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School districts reevaluate grading, finals amid stay-at-home order

While physical buildings may be closed, online classrooms have remained open to provide students with ongoing educational resources in the midst of social distancing mandates.

For staff members in the Rockwood and Parkway school districts, the past few weeks have been filled with conversations about how to proceed with routine school business such as grading, finals and even the format of the school week.

[Source: Adobe]

Rockwood School District

In response to COVID-19, Rockwood launched an Alternative Learning Program [ALP], which continues educational lessons online and affords students the opportunity to turn in assignments that better their grades. Those grades are entered into the district’s Infinite Campus [an online resource for teachers, students and parents] in a specific ALP section.

During this phase, Rockwood has also adopted a “hold harmless” approach – meaning a student’s semester grade cannot be lower than the grade they had based on assessments assigned prior to the ALP. Any new assignments can be used to improve the semester grade, but not lower the grade.

Incomplete assignments will be marked, but there will be no impact on students’ grades. The purpose of entering grades into Infinite Campus is primarily to provide feedback, the district said.

A recommended amount of 30-60 minutes of actual work per day is recommended for students in kindergarten through fifth grade [or a maximum of five hours per week]. For students in grades sixth through 12, or those with seven courses, an average of 90 minutes per class per week [or 10.5 hours of classwork per week] is recommended.

According to Dr. Shelley Willott, Rockwood’s assistant superintendent of learning and support services, the ultimate goal has been to provide students with educational opportunities that are flexible enough to accommodate various at-home schedules.

“It could be a little less in some of their elective classes and a little more in some of their core classes, but we try to aim for 90 minutes [per class, per week] on average,” Willott said.

The district was able to implement its online learning regiment quickly because many students have access to take-home Chromebooks. The district also purchased over 300 hotspots to make sure families had internet access.
According to Willott, the district is sticking to its five-day school workweek schedule for both students and teachers.

“We felt it was really important to keep that consistency,” Willott said.
Looking forward, the district made the decision to suspend final exams for spring 2020.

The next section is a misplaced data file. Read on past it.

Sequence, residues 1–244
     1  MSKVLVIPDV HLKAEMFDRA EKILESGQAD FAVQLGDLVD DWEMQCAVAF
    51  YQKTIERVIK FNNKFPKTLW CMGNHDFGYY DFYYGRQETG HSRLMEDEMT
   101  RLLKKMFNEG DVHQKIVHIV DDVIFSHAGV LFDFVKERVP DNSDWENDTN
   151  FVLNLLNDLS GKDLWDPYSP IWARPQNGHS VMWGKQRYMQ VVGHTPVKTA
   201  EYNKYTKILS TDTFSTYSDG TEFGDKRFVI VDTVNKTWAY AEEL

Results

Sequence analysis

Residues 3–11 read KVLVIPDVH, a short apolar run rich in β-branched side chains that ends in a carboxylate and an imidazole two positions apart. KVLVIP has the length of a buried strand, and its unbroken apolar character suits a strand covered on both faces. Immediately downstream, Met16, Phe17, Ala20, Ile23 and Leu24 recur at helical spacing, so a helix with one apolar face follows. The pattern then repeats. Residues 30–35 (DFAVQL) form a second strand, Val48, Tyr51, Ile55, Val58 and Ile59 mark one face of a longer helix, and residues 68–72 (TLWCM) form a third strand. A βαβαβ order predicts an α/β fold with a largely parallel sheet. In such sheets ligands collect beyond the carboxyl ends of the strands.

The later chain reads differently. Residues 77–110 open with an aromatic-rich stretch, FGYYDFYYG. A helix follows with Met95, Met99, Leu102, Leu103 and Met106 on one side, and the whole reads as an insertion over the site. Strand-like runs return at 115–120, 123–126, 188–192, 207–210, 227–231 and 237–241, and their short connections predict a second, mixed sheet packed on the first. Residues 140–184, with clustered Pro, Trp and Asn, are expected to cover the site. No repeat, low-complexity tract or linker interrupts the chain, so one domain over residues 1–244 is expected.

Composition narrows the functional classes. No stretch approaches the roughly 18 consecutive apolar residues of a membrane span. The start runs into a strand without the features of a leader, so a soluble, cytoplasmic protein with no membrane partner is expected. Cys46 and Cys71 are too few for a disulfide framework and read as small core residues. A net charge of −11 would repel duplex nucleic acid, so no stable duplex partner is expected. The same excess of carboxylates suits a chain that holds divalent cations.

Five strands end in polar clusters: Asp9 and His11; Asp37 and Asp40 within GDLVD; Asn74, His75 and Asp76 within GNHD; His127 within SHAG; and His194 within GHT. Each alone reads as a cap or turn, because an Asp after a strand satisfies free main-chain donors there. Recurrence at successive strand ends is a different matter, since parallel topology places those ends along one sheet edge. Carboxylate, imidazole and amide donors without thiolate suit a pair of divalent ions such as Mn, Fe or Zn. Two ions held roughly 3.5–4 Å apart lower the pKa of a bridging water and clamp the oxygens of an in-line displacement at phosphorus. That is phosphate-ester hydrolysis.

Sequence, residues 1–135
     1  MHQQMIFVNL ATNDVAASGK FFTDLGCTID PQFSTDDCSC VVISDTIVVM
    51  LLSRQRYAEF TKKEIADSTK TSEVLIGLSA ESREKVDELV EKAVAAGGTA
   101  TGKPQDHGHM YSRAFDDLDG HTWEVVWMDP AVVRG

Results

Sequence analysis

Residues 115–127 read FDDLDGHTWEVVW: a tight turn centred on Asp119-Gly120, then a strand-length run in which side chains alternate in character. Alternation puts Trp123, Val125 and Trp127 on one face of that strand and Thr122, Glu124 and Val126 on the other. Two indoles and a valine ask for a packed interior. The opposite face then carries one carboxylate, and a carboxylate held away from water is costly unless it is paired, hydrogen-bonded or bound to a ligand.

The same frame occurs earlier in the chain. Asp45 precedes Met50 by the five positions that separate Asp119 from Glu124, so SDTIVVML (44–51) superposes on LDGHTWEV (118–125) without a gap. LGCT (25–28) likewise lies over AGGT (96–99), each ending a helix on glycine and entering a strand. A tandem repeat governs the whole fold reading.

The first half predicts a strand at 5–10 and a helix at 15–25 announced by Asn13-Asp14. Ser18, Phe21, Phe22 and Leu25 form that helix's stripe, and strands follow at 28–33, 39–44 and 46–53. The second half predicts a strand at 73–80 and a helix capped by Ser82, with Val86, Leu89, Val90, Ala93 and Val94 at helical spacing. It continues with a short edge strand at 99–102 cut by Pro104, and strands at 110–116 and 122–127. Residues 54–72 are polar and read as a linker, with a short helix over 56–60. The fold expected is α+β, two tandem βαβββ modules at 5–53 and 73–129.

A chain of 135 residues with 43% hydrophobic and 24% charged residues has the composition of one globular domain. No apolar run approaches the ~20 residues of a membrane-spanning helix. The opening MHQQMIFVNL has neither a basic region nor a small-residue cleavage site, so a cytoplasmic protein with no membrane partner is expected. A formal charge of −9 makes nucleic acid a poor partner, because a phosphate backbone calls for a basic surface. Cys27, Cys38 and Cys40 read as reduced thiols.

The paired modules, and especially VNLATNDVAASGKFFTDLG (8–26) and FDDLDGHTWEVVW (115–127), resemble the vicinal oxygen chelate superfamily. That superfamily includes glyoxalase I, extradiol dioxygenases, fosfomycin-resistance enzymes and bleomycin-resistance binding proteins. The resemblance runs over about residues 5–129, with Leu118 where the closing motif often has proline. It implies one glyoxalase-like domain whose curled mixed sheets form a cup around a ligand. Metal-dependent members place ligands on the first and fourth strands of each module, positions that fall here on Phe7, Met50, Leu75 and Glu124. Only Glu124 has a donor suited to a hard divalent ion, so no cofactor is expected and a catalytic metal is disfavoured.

Parkway School District

Parkway has adopted similar policies, but there are a few differences. For example, Parkway will shift to a four-day eLearning schedule as of Monday, April 13. Students will engage in online eLearning lessons Monday through Thursday while Fridays will be set aside for teachers to use as a workday. The district uses the Schoology app, a virtual learning environment, as its eLearning platform for students and parents. Larger meetings or discussions take place through online forums like Google Meet. Parents can access Schoology to see what work students have been assigned.

Grades for middle and high school students will be entered into Infinite Campus in a specific “eLearning” category and count for 5% of each student’s semester grade. To improve their overall grades, students have the opportunity to complete, revise or use alternative ways to demonstrate mastery of learning that occurred prior to spring break. This work will be entered in the original category in which it was assigned. [The district entered into its COVID-related closure immediately out of spring break.]

Grading expectations vary by grade level.

According to the district website, third trimester progress reports for elementary students will be replaced with ongoing feedback. For those students, a focus is placed on priority standards for English/language arts and math. Throughout all content areas, the instruction emphasis has been shifted to focus more on exposure and guided practice with mastery not being expected. In subjects like science and social studies, student assignments focus on the skills of scientists and social scientists that students had learned about earlier in the school year.

Ultimately, each district came to slightly different decisions regarding how to present e-learning. However, it’s likely that the decisions made during this time period will impact the structure of school far into the future.

For example, students will be better equipped to tackle assignments during future emergencies or even snow days, continuing their education online.

“Last year, when it was said that all kids could take online learning [Rockwood Online], I think there was a lot of fear about that and a lot of angst,” Willott said. “We’ve kind of embraced that, and we have some kids [for whom] that environment works really well. Personalized learning has really shown itself as a concept in this environment, and I really hope we can keep trying some of these things long-term in our system.”

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